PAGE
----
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Sorrow and bliss : a novel
2021
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Pushing away her devoted husband, a once-successful writer moves back into her bohemian childhood home, where she struggles to come to terms with the mental illness that has overshadowed her life. - (Baker & Taylor)

Pushing away her devoted husband, a once-successful writer moves back into her bohemian childhood home, where she struggles to come to terms with the mental illness that has overshadowed her life. A first novel. 50,000 first printing. - (Baker & Taylor)

"Brilliantly faceted and extremely funny. . . . While I was reading it, I was making a list of all the people I wanted to send it to, until I realized that I wanted to send it to everyone I know." ' Ann Patchett

'Improbably charming...will have you chortling and reading lines aloud.' 'PEOPLE

The internationally bestselling, compulsively readable novel'spiky, sharp, intriguingly dark, and tender'that combines the psychological insight of Sally Rooney with the sharp humor of Nina Stibbe and the emotional resonance of Eleanor Oliphant Is Completely Fine.

Martha Friel just turned forty. Once, she worked at Vogue and planned to write a novel. Now, she creates internet content. She used to live in a pied-à-terre in Paris. Now she lives in a gated community in Oxford, the only person she knows without a PhD, a baby or both, in a house she hates but cannot bear to leave. But she must leave, now that her husband Patrick'the kind who cooks, throws her birthday parties, who loves her and has only ever wanted her to be happy'has just moved out.

Because there's something wrong with Martha, and has been for a long time. When she was seventeen, a little bomb went off in her brain and she was never the same. But countless doctors, endless therapy, every kind of drug later, she still doesn't know what's wrong, why she spends days unable to get out of bed or alienates both strangers and her loved ones with casually cruel remarks. 

And she has nowhere to go except her childhood home: a bohemian (dilapidated) townhouse in a romantic (rundown) part of London'to live with her mother, a minorly important sculptor (and major drinker) and her father, a famous poet (though unpublished) and try to survive without the devoted, potty-mouthed sister who made all the chaos bearable back then, and is now too busy or too fed up to deal with her. 

But maybe, by starting over, Martha will get to write a better ending for herself'and she'll find out that she's not quite finished after all.

- (HARPERCOLL)

Shortlisted for the Women's Prize for Fiction!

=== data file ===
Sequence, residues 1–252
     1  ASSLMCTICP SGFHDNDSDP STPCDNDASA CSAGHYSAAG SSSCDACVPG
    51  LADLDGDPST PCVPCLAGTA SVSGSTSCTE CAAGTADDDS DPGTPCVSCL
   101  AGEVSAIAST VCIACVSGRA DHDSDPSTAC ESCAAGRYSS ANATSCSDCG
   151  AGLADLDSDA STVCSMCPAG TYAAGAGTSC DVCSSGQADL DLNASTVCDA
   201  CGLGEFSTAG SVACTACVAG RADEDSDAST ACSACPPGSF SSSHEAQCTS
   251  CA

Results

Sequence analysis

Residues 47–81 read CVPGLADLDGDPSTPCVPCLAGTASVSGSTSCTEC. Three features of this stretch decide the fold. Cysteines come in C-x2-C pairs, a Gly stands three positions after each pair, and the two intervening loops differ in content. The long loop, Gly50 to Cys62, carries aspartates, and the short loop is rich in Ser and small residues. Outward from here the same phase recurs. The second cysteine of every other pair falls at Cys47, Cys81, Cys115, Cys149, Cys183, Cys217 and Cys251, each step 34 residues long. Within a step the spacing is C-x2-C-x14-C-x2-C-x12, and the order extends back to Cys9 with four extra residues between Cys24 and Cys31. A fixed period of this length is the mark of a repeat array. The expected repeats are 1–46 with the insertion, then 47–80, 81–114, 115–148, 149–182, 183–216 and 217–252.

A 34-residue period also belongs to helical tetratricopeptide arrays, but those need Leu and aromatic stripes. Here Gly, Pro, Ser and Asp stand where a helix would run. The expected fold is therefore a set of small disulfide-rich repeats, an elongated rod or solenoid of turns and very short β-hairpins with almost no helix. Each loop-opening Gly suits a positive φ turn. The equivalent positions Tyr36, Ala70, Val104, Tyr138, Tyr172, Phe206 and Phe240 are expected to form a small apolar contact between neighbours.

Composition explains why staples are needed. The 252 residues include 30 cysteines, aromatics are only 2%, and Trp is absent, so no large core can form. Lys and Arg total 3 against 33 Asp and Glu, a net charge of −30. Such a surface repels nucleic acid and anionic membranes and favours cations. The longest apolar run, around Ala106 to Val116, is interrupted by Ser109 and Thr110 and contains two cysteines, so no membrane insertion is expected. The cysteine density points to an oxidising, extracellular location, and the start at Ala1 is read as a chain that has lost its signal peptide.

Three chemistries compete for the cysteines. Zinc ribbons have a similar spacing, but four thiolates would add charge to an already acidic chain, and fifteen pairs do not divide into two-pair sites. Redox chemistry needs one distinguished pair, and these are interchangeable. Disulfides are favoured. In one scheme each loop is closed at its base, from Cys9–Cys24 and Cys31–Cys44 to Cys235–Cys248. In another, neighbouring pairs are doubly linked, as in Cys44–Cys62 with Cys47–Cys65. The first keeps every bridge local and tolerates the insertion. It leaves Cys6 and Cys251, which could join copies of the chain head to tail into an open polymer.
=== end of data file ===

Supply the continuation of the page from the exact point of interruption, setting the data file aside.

"Brilliantly faceted and extremely funny. . . . While I was reading it, I was making a list of all the people I wanted to send it to, until I realized that I wanted to send it to everyone I know." — Ann Patchett

The internationally bestselling sensation, a compulsively readable novel—spiky, sharp, intriguingly dark, and tender—that Emma Straub has named one of her favorite books of the year

Martha Friel just turned forty. Once, she worked at Vogue and planned to write a novel. Now, she creates internet content. She used to live in a pied-à-terre in Paris. Now she lives in a gated community in Oxford, the only person she knows without a PhD, a baby or both, in a house she hates but cannot bear to leave. But she must leave, now that her husband Patrick—the kind who cooks, throws her birthday parties, who loves her and has only ever wanted her to be happy—has just moved out.

Because there’s something wrong with Martha, and has been for a long time. When she was seventeen, a little bomb went off in her brain and she was never the same. But countless doctors, endless therapy, every kind of drug later, she still doesn’t know what’s wrong, why she spends days unable to get out of bed or alienates both strangers and her loved ones with casually cruel remarks. 

And she has nowhere to go except her childhood home: a bohemian (dilapidated) townhouse in a romantic (rundown) part of London—to live with her mother, a minorly important sculptor (and major drinker) and her father, a famous poet (though unpublished) and try to survive without the devoted, potty-mouthed sister who made all the chaos bearable back then, and is now too busy or too fed up to deal with her. 

But maybe, by starting over, Martha will get to write a better ending for herself—and she’ll find out that she’s not quite finished after all.

- (HARPERCOLL)

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Booklist Reviews

*Starred Review* Martha hasn't had an easy time with love, or with much of anything, really: a nebulous career, a failed "starter" marriage, and a long history of depressive moods that seem to be getting worse instead of better. Now in a second marriage, to Patrick, a friend of her cousin's that had orbited Martha's life since she was a teenager, she's convinced that with her husband's support, she can make it through her darkest days. Until those days become weeks, causing her to lash out and create a rift in her marriage she's certain can't be fixed. Exploring the multifaceted hardships of mental illness and the frustrating inaccuracy of diagnoses, medications, and treatments, Sorrow and Bliss is darkly comic and deeply heartfelt. Much like the narrator of Eleanor Oliphant is Completely Fine, Martha's voice is acerbic, witty, and raw. Sydney-based author Mason (You Be Mother, 2017) plots Martha's story in a nonlinear fashion, largely working backwards to highlight the highest and lowest points of her life. By refraining from naming Martha's ultimate diagnosis, referring to it only as "—", Mason trusts the reader to imagine the full weight of it. Fans of Marian Keyes should put this on their to-read lists. Copyright 2021 Booklist Reviews.

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